Maj. Gen., USAF (Ret.) Rick Evans, NSRI executive director, and Dr. Christopher Yeaw, NSRI research director for nuclear programs, discuss the new $25 million NNSA IDIQ contract and its intended mission impact.
The National Strategic Research Institute (NSRI) at the University of Nebraska (NU) has been awarded a 5-year, $25 million indefinite-delivery, indefinite-quantity (IDIQ) contract from the National Nuclear Security Administration (NNSA) to support strategic deterrence and nuclear threat reduction efforts.
“This is an exciting new partnership for NSRI and the University of Nebraska that will open even more doors for our researchers to do cutting-edge work to keep our nation safe,” said NU System President Ted Carter. “Today’s national security needs are urgent and complex, especially when it comes to nuclear threats and other weapons of mass destruction. I am so proud that the University of Nebraska can help lead the way in supporting our country’s defense efforts."
NNSA, a semi-autonomous agency within the U.S. Department of Energy, maintains and enhances the safety, security and effectiveness of the U.S. nuclear weapons stockpile while working to reduce the global danger from weapons of mass destruction. NNSA is a principal partner of U.S. Strategic Command, which sponsors NSRI as a University Affiliated Research Center (UARC) of the Department of Defense.
“It is a natural fit for NSRI to collaborate very closely with NNSA given our laser focus on USSTRATCOM’s primary mission of strategic deterrence — the two entities are remaining absolutely aligned, especially as the nation executes the warhead modernization programs,” said Dr, Christopher Yeaw, NSRI research director for nuclear programs. “We are proud to have established this enduring relationship with the administration.”
This is the first IDIQ contract NSRI has received outside of the three totaling $298 million with USSTRATCOM, which are tied to the institute’s UARC designation. The most recent USSTRATCOM IDIQ was awarded in September 2020.
Through the NNSA IDIQ, NSRI will provide nuclear weapon mission space and design parameters, iterative wargaming, warhead technical verification, policy research, wargaming knowledge management and more.
The first $1.1 million task order under this contract has already been awarded. NSRI will lead a series of workshops for NNSA personnel as well as researchers from across three of the DOE national laboratories.
As the U.S. federal government launches into modernizing all elements of the nuclear triad over the next decade, there are several important questions that must be answered. The workshops will aim to explore the design space for U.S. nuclear weapons in the 21st century.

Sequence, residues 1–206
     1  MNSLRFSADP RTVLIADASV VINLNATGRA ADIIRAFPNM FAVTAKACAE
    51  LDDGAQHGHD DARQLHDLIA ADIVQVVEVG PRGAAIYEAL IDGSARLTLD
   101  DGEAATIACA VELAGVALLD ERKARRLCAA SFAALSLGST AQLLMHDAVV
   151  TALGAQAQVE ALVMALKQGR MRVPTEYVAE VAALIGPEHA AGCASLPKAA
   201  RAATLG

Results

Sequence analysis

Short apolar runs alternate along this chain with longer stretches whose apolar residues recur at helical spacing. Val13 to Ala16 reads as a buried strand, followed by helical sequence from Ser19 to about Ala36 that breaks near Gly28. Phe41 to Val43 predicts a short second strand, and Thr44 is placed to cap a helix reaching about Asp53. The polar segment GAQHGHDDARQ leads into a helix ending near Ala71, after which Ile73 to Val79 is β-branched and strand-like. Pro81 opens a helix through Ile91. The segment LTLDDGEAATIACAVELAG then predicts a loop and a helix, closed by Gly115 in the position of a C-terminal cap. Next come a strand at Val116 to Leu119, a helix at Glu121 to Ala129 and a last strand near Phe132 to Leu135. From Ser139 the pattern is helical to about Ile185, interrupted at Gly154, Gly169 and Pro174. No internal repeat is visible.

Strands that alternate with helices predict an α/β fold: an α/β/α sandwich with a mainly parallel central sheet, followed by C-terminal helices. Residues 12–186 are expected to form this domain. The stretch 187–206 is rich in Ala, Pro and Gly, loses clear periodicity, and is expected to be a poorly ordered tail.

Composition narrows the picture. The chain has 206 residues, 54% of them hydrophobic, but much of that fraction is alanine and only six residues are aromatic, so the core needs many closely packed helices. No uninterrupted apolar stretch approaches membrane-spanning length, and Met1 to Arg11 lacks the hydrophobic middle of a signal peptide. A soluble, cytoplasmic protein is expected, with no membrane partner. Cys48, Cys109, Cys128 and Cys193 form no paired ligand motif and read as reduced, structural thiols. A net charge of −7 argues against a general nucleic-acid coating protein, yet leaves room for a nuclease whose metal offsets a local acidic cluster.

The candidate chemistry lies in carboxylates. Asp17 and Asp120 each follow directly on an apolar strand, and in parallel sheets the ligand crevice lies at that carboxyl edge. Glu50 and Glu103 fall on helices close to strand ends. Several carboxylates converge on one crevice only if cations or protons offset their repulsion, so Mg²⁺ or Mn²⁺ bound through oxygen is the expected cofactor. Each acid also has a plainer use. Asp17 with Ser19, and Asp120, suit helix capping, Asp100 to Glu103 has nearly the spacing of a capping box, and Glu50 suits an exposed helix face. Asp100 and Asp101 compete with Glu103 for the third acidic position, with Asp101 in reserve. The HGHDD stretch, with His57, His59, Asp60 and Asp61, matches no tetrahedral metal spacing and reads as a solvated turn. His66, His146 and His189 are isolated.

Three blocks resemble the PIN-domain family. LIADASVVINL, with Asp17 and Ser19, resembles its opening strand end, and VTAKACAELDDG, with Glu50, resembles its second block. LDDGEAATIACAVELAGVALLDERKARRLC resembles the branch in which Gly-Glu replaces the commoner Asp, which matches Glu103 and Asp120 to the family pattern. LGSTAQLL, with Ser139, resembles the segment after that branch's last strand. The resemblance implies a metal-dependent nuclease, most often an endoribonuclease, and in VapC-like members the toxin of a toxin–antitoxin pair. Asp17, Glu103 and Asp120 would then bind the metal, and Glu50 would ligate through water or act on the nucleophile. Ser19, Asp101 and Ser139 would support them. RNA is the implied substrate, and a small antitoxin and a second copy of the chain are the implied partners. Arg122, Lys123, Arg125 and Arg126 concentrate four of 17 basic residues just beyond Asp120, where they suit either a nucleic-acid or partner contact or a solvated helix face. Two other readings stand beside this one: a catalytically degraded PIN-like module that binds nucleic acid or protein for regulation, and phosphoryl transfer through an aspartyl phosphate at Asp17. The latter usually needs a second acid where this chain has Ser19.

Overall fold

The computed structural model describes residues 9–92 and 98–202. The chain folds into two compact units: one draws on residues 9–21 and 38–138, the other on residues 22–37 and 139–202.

“What should the missions of our next generation of nuclear weapons be? What should those designs be? What advances in manufacturing could lead to innovation approaches? These are all incredibly complex and critical questions NNSA and others are debating, and our intention, in collaboration with the national labs in this space, is to help all of us wrestle to conclusions,” Yeaw said.
NSRI will also bring forward a recent deliverable from University of Nebraska students to NNSA — the institute’s limited nuclear conflict wargame that was updated and transformed this past summer into an online experience.
Through the game, participants develop a deeper understanding of nuclear warfare demanded by the challenges emerging in the global competition environment. Originally created as an in-person experience for the Defense Threat Reduction Agency, the exercise re-introduces participants to nuclear strategy concepts, operational planning processes and tactical nuclear capabilities.
The University of Nebraska’s campuses also have several areas of expertise that can contribute to NNSA’s mission objectives. From the standpoint of technical verification, Dr. Wei Qiao and Dr. Mark Bauer from the University of Nebraska–Lincoln (UNL) have already offered their technical support to future warhead verification research. Capabilities of the UNL Nebraska Intelligent MoBile Unmanned Systems Lab have also been highlighted to NNSA as have the political science departments at both UNL and the University of Nebraska at Omaha.
“This contract provides NSRI another mechanism to work with federal government partners in pursuit of our mission in alignment with STRATCOM’s No. 1 mission — strategic deterrence — and the command’s No. 1 priority — modernizing the triad,” said Maj. Gen., USAF (Ret.) Rick Evans, NSRI executive director. “Given our team’s decades of experience in nuclear safeguards and security, providing foresight and leadership in this space is not only our mission, but our responsibility.”
About the National Strategic Research Institute
Through the National Strategic Research Institute at the University of Nebraska leading scientists deliver innovative national security research, technology, product and strategy development, training and exercises, and subject matter expertise to the Department of Defense and other federal agencies. One of only 14 DOD-designated University Affiliated Research Centers in the country, NSRI is sponsored by U.S. Strategic Command and works to ensure the United States’ safety and preparedness against increasingly sophisticated threats. Read about our mission.